With the War on Terror in full swing, the government's involvement in and influence over law enforcement has changed and, in some cases, expanded. While police forces remain under the jurisdiction of the cities and states they patrol, federal agencies have taken on a wider role in combating and prosecuting crime. Agencies such as the FBI, the DEA, the ATF, and now the Department of Homeland Security have wide and varied responsibilities and powers in combating both terrorism and other crimes. But this wasn't always the case. This timely book examines the history of American federal law enforcement as well as its current state in all of its forms.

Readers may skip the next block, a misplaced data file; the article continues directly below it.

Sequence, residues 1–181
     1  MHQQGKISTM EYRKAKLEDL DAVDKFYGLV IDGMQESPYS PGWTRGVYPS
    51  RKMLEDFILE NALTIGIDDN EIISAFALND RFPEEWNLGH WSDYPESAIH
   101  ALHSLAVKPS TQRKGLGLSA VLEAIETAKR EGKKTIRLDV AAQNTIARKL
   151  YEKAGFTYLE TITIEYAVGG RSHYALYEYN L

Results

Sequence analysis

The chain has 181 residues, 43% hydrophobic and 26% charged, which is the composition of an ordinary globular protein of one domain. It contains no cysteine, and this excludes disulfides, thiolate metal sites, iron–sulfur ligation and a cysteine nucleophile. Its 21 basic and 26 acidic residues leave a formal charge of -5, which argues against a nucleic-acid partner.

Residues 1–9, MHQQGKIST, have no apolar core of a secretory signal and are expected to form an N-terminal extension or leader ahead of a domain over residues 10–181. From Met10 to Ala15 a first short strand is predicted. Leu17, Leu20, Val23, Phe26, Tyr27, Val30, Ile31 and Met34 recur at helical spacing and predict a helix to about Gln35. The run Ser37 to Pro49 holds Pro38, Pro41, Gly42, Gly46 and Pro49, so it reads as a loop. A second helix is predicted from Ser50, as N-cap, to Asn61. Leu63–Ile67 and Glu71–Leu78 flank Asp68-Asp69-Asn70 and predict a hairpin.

The complex system of agencies, agents, and laws that make up our federal law enforcement program have a long and varied history. Bumgarner looks at the issue of federal police powers and explores how the U.S. Supreme Court and lower courts have interpreted the constitutional limits on those powers. He introduces the reader to the many agencies that make up the federal law enforcement community and the jurisdiction and responsibilities of each, as well as the role federal public policy plays in the criminal justice system. Finally, he reviews emerging trends in federal law enforcement, including the expanding domestic effort against terrorism. Readers of this insightful book will unfailingly come away with a better understanding of the history and inner workings of federal law enforcement.